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Let $S\subseteq \mathbb{R}^n$ be a convex region defined by $$g_i(x)\leq 0, ~~i\in 1,\ldots,m,$$ where $g_i$ are convex functions. The goal is to decide whether $S$ is empty, and if not - find a point $x\in S$.

In the book of Boyd and Vandenberghe (chapter 11), I found the following algorithm. Solve the following optimization problem:

$$\text{ mininize } ~~p~~ \text{ subject to } ~~g_i(x)\leq p, ~~i\in 1,\ldots,m.$$

Denote the optimal solution by $(p^*,x^*)$. If $p^*>0$, then $S$ is empty. If $p^*\leq 0$, then $x^*$ is a point in $S$ (in particular, if $p^* < 0$ then $x^*$ is in the interior of $S$; if $p^*=0$ then interior of $S$ is empty and $x^*$ is a boundary point).

The problem is that, when $p^*$ approaches 0, the runtime complexity of solving this auxiliary problem approaches infinity; here is the exact runtime from the book of Boyd and Vandenberghe:

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As you can see, $p^*$ is in the denominator. They also say that:

enter image description here

I would like to know what is known about the complexity of this decision problem. In particular:

  • Suppose the functions $g_i$ are given explicitly (e.g. they are all polynomials with rational coefficients; this also means that they are continuously differentiable infinitely many times), and every basic arithmetic operation on real numbers takes unit time. Is there a proof that the decision problem cannot be solved in a finite number of arithmetic operations?
  • Are there sub-classes of convex functions (except linear functions) for which the decision problem can be solved in finite time? In polynomial time?

EDIT: Based on the comments, it seems the question is non-trivial even in the case of quadratic programming, where all functions $g_i$ are convex quadratic functions. The Wikipedia page mentions that the problem can be solved in weakly-polynomial time using the ellipsoid method, but to use the ellipsoid method we need a lower bound on the volume of the feasible region, which is not always guaranteed.

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Warning: As one of the comments points out, the sum of squares is not necessarily convex, so the hardness reduction suggested below does not work. The problem still lies in $\exists\mathbb{R} \subseteq \mathrm{PSPACE}$ though.

Deciding whether there is an $x \in \mathbb{R}^n$ such that $f_i(x) = 0$ for a family of quadratic polynomials is complete for the existential theory of the reals, $\exists\mathbb{R}$. So testing whether $f(x) = \sum_i (f_i(x))^2 \leq 0$ has a solution is also complete for $\exists\mathbb{R}$, and, as a sum of squares, $f$ is a convex function. So solving the non-emptiness problem of a convex set is as hard as deciding truth in the existential theory of the reals.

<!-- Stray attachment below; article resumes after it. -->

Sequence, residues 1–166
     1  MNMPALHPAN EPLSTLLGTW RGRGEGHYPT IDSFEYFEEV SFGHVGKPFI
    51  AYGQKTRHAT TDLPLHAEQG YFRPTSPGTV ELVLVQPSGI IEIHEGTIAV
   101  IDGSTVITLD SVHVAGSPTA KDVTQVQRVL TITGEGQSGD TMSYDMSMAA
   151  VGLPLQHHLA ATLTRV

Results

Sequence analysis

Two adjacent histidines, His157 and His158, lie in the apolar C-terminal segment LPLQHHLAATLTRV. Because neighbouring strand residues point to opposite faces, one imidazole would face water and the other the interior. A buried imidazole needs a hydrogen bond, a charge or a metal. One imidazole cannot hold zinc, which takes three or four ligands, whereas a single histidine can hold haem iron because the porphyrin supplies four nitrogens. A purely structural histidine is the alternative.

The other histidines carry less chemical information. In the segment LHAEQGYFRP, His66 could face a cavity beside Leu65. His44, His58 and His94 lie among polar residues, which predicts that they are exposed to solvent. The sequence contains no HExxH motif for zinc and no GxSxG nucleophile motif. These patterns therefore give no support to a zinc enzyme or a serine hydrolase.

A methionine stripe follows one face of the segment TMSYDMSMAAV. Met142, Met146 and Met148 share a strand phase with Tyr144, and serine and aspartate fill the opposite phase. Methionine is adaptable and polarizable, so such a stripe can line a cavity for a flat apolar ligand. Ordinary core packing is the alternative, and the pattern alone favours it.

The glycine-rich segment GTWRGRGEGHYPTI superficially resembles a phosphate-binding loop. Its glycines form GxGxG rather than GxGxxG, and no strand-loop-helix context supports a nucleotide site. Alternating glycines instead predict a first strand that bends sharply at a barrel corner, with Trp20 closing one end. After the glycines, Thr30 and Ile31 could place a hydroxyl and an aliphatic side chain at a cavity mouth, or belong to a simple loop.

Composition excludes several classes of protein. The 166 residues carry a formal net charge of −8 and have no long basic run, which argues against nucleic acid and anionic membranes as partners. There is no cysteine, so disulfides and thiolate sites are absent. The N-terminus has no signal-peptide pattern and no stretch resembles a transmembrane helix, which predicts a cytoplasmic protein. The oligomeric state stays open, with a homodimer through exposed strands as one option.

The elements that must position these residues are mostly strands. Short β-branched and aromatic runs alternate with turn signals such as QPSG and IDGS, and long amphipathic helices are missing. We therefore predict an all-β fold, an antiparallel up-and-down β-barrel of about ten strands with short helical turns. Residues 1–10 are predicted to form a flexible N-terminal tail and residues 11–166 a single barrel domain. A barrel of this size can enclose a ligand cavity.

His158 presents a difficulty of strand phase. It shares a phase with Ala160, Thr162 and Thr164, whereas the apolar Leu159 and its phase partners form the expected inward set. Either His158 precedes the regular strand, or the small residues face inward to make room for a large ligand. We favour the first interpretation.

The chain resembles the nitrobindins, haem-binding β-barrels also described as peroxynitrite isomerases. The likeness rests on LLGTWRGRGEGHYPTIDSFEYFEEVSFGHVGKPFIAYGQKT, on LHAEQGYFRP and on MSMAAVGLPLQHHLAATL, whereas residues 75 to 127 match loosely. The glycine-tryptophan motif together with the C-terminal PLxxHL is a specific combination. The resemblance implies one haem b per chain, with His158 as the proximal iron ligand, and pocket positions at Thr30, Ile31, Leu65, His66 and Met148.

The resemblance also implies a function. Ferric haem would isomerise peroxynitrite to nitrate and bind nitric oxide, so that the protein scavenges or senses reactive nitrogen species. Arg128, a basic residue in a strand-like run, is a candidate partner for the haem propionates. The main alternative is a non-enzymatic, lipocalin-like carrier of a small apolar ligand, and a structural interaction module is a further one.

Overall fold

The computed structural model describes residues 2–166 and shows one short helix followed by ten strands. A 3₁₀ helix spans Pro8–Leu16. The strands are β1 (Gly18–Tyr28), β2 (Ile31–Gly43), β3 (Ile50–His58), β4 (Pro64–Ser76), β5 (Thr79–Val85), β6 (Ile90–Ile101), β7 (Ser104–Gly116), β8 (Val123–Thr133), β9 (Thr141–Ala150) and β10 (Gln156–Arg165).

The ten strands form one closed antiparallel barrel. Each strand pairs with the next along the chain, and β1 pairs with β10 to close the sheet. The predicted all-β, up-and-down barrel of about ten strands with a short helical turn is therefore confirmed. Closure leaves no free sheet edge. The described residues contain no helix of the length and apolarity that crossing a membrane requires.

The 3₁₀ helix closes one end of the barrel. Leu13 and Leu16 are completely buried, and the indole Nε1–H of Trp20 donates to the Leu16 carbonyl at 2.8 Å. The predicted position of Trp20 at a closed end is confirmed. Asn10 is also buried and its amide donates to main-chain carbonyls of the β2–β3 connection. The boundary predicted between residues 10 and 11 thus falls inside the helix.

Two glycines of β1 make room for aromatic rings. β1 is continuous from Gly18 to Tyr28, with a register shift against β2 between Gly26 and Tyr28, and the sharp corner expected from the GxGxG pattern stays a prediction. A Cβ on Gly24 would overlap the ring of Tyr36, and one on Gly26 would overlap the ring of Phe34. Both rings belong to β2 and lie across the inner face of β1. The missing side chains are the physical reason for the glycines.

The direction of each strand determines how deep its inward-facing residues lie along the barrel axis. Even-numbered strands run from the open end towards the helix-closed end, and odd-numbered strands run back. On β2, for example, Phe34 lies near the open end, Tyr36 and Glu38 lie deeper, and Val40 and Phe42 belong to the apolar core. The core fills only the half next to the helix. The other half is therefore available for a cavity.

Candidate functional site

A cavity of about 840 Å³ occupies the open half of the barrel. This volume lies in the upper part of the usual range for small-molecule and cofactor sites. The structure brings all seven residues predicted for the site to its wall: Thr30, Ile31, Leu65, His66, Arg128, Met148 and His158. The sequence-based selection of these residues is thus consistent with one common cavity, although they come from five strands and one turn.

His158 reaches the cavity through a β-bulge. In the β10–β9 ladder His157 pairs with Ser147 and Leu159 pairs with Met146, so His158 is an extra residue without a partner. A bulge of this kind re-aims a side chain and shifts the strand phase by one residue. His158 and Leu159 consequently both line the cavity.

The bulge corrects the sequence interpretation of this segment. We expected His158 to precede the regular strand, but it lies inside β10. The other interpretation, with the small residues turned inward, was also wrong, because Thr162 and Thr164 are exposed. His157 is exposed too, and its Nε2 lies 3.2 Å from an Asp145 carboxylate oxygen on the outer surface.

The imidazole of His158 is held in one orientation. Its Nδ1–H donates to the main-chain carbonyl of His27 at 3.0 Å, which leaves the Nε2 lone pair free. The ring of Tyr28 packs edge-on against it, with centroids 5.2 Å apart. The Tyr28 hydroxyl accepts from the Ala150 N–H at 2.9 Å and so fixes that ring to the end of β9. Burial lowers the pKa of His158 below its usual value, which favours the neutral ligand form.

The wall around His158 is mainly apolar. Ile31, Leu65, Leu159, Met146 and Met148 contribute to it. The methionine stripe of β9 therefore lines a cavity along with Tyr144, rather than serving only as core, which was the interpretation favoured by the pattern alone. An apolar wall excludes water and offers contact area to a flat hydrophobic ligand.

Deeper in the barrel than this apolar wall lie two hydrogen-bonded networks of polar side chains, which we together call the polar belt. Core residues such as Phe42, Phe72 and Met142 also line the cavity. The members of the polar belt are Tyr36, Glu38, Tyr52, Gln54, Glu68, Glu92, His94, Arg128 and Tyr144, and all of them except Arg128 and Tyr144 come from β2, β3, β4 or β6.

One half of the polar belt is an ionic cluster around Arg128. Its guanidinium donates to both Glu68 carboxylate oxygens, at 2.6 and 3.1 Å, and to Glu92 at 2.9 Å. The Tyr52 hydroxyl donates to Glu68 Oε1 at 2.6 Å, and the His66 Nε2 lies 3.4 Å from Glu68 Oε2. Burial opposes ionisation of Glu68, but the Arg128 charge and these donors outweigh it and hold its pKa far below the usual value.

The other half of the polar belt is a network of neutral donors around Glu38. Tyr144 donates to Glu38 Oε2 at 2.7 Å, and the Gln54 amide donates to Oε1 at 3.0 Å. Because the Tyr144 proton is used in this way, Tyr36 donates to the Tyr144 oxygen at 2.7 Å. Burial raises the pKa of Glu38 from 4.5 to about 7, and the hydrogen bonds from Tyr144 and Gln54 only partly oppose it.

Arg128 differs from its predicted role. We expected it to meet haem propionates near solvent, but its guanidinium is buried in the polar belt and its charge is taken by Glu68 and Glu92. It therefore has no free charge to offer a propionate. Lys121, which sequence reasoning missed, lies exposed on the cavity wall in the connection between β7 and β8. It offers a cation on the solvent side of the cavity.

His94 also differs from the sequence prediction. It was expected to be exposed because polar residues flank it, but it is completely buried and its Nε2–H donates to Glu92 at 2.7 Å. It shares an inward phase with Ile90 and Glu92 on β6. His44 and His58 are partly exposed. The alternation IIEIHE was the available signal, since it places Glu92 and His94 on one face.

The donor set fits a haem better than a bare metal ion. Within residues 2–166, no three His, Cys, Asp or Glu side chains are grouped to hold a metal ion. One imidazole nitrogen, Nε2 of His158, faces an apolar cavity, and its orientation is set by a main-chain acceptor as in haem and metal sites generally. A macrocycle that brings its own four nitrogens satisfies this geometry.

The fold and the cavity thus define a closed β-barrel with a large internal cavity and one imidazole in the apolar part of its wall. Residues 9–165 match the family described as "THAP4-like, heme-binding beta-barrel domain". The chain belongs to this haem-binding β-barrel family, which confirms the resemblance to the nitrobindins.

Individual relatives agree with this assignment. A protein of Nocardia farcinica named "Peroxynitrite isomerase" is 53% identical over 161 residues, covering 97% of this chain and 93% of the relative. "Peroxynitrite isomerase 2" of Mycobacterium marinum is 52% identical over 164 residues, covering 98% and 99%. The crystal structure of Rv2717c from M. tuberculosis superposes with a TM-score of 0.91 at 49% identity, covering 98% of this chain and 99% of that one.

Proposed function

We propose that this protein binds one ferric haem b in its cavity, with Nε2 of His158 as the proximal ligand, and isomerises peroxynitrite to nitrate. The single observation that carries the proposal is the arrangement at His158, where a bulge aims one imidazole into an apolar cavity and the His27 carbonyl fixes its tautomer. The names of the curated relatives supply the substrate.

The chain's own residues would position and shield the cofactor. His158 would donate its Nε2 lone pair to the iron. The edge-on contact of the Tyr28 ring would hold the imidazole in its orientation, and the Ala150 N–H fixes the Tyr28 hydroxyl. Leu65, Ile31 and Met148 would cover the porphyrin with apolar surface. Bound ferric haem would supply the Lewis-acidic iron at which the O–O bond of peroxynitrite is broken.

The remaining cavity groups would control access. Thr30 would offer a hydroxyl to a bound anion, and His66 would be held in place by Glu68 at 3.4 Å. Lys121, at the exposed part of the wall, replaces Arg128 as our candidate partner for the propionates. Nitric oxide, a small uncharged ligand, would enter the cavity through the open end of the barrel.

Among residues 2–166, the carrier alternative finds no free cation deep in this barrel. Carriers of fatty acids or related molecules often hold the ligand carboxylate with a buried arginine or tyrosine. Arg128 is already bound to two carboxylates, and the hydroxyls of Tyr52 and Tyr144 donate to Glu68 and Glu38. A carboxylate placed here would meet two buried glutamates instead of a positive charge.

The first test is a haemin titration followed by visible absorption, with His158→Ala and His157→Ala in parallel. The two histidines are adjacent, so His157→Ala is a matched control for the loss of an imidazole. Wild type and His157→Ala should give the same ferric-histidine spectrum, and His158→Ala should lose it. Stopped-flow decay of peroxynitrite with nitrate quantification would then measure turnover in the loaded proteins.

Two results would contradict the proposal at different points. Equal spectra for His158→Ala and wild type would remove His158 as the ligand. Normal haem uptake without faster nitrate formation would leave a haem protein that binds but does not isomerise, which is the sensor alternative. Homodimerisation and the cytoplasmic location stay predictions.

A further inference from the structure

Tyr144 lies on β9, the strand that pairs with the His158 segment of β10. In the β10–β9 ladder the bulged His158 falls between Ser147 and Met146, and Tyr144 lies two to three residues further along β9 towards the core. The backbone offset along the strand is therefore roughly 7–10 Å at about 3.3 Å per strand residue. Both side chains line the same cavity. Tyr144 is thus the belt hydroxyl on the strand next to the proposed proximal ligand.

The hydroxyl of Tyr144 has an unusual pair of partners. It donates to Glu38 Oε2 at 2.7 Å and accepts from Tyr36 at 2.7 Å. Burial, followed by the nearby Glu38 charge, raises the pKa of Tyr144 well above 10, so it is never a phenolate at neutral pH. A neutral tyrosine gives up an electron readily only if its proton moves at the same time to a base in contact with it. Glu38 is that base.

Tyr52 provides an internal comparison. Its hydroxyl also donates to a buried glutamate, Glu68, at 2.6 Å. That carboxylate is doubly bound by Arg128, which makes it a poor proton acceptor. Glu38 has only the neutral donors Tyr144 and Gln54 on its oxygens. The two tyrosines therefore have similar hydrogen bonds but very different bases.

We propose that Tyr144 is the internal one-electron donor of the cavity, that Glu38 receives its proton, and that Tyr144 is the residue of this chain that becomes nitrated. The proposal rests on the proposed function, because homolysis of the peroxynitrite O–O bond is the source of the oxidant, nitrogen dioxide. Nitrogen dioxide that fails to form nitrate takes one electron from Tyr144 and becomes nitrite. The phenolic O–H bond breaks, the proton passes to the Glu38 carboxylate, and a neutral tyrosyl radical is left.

The hardness result goes back to Blum, Shub, and Smale. On a Theory of Complexity over the Real Numbers, it follows from the main theorem, but it's stated in the BSS-model. A statement in the $\exists\mathbb{R}$-framework can be found as Lemma 3.2 in Schaefer, Stefankovic. Fixed Points, Nash Equilibria, and the Existential Theory of the Reals.

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    $\begingroup$ A simple Google search gives this useful description on Wikipedia. en.wikipedia.org/wiki/Existential_theory_of_the_reals $\endgroup$ Dec 15, 2023 at 6:02
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    $\begingroup$ @ErelSegal-Halevi The original algorithm is due to Canny, Some algebraic and geometric computations in PSPACE, doi.org/10.1145/62212.62257 . A follow-up improvement: doi.org/10.1093/comjnl/36.5.409 $\endgroup$ Dec 15, 2023 at 7:46
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    $\begingroup$ For this direction, the trivial reduction works: $\exists\vec x\,\bigwedge_ig_i(\vec x)\le0$ is, literally, an existential statement in the theory of the reals. $\endgroup$ Dec 17, 2023 at 15:51
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    $\begingroup$ @ErelSegal-Halevi The quoted passage doesn't focus on polynomials, does it? The existential theory of the reals does, so this might be were the disconnect lies. Also it says "in practice". I don't think that a PSPACE algorithm is very practical, in general. $\endgroup$
    – Tassle
    Dec 18, 2023 at 13:47
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    $\begingroup$ @NealYoung I don’t even need that they are convex. I only need that they are polynomials with rational (or: real algebraic, if represented in a suitable way) coefficients, as I wrote above. $\endgroup$ Dec 18, 2023 at 14:26

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